Persistent Link:
http://hdl.handle.net/10150/210392
Title:
Evaluation of a Feedback Approach to Nitrogen and Pix Applications, 1997
Author:
Silvertooth, J. C.; Norton, E. R.
Issue Date:
Apr-1998
Publisher:
College of Agriculture, University of Arizona (Tucson, AZ)
Journal:
Cotton: A College of Agriculture Report
Abstract:
A single field experiment was conducted in 1997 at Marana, AZ to compare a scheduled approach (based on stage of growth) versus a feedback approach (based on growth parameters) to both nitrogen (N) and mepiquat chloride (P1X) applications on Upland cotton (Gossypium hirsutum L.). PIX feedback treatments were based upon fruit retention (FR) levels and height to node ratios (HNRs) with respect to established baselines for Arizona growing conditions. Scheduled and feedback FIX applications were made for a total of 0.75 and 1.50 pt./acre, respectively, with the scheduled treatments being initiated earlier in the fruiting cycle (early and peak bloom). Feedback PIX treatments consisted of a single 0.75 pt./acre application near peak bloom (approx. 2000 heat units after planting, HUAP, 86/55 °F threshold). Scheduled applications of fertilizer N totaled 150 lbs. N/acre from two applications and feedback N treatments received a total of 100 lbs. N/acre from two applications. Treatments consisted of all combinations of scheduled or feedback applications of both N and PIX. The highest lint yields were from treatments receiving PIX applications, with significant differences (P ≥ 0.05) between a check treatment (with no FIX applications) and several other treatments that did receive PIX applications. If FIX was applied, there were no significant differences between the scheduled or feedback approach. Applications of PIX in relation to increasing HNRs (feedback approach) are demonstrated and reinforced in this study.
Keywords:
Agriculture -- Arizona; Cotton -- Arizona; Cotton -- Soil fertility; Cotton -- Soil management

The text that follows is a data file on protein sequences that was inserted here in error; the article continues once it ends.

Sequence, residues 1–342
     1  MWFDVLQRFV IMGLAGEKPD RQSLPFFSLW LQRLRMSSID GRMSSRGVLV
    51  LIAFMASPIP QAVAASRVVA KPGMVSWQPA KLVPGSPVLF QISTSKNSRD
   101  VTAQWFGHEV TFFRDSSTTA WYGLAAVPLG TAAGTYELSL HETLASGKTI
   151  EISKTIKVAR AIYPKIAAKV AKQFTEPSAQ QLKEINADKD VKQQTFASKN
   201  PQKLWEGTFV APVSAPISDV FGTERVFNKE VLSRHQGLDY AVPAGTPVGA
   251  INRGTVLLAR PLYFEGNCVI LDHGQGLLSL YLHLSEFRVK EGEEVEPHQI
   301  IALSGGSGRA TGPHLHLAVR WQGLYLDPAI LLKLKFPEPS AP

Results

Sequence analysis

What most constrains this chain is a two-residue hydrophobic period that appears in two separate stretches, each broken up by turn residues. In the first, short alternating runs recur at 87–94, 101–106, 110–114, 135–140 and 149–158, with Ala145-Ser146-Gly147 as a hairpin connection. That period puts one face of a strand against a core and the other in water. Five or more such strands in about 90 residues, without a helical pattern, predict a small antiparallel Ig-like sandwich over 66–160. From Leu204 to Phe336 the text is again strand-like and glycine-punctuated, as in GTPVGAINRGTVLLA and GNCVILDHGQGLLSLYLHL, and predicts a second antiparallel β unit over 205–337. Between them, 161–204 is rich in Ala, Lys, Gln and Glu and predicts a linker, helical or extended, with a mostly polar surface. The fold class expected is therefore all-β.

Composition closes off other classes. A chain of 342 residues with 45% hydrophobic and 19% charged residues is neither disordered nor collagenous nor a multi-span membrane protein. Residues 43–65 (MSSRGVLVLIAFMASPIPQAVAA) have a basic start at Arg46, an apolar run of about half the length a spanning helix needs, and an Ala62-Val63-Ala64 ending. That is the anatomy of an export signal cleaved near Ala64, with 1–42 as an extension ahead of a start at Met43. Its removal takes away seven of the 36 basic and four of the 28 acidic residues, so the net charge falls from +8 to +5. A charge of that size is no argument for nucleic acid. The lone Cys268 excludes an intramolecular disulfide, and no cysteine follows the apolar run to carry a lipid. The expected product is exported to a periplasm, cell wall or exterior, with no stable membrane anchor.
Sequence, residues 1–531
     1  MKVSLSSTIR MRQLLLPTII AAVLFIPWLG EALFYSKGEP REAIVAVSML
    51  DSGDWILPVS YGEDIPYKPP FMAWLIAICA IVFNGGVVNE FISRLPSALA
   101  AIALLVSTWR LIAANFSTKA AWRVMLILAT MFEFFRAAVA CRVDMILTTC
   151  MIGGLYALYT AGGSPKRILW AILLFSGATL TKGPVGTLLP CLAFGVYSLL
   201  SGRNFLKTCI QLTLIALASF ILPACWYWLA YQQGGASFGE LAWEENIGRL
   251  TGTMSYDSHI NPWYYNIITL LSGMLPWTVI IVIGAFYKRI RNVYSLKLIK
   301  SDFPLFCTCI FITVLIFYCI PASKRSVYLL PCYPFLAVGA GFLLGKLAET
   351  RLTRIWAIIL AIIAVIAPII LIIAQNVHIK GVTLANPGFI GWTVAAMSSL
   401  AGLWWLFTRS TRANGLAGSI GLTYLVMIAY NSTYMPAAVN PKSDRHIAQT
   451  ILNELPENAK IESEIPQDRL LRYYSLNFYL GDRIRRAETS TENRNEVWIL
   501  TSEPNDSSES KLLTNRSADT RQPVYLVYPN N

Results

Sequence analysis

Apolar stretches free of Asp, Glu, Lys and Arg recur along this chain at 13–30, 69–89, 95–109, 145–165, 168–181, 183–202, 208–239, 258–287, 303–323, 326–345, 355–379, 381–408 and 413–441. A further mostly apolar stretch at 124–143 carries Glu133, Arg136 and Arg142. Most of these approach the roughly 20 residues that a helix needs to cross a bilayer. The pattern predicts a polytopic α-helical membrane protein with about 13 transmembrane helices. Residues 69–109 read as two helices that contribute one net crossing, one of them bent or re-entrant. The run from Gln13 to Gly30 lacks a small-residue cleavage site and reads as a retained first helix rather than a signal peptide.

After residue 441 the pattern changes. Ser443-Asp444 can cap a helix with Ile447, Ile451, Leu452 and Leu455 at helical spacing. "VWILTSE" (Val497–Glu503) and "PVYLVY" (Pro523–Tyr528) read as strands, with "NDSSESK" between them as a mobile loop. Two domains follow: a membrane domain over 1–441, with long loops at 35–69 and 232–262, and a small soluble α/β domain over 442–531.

Series/Report no.:
AZ1006

Full metadata record

DC FieldValue Language
dc.titleEvaluation of a Feedback Approach to Nitrogen and Pix Applications, 1997en_US
dc.contributor.authorSilvertooth, J. C.en_US
dc.contributor.authorNorton, E. R.en_US
dc.date.issued1998-04-
dc.publisherCollege of Agriculture, University of Arizona (Tucson, AZ)en_US
dc.identifier.journalCotton: A College of Agriculture Reporten_US
dc.description.abstractA single field experiment was conducted in 1997 at Marana, AZ to compare a scheduled approach (based on stage of growth) versus a feedback approach (based on growth parameters) to both nitrogen (N) and mepiquat chloride (P1X) applications on Upland cotton (Gossypium hirsutum L.). PIX feedback treatments were based upon fruit retention (FR) levels and height to node ratios (HNRs) with respect to established baselines for Arizona growing conditions. Scheduled and feedback FIX applications were made for a total of 0.75 and 1.50 pt./acre, respectively, with the scheduled treatments being initiated earlier in the fruiting cycle (early and peak bloom). Feedback PIX treatments consisted of a single 0.75 pt./acre application near peak bloom (approx. 2000 heat units after planting, HUAP, 86/55 °F threshold). Scheduled applications of fertilizer N totaled 150 lbs. N/acre from two applications and feedback N treatments received a total of 100 lbs. N/acre from two applications. Treatments consisted of all combinations of scheduled or feedback applications of both N and PIX. The highest lint yields were from treatments receiving PIX applications, with significant differences (P ≥ 0.05) between a check treatment (with no FIX applications) and several other treatments that did receive PIX applications. If FIX was applied, there were no significant differences between the scheduled or feedback approach. Applications of PIX in relation to increasing HNRs (feedback approach) are demonstrated and reinforced in this study.en_US
dc.subjectAgriculture -- Arizonaen_US
dc.subjectCotton -- Arizonaen_US
dc.subjectCotton -- Soil fertilityen_US
dc.subjectCotton -- Soil managementen_US
dc.identifier.urihttp://hdl.handle.net/10150/210392-
dc.relation.ispartofseriesAZ1006en_US
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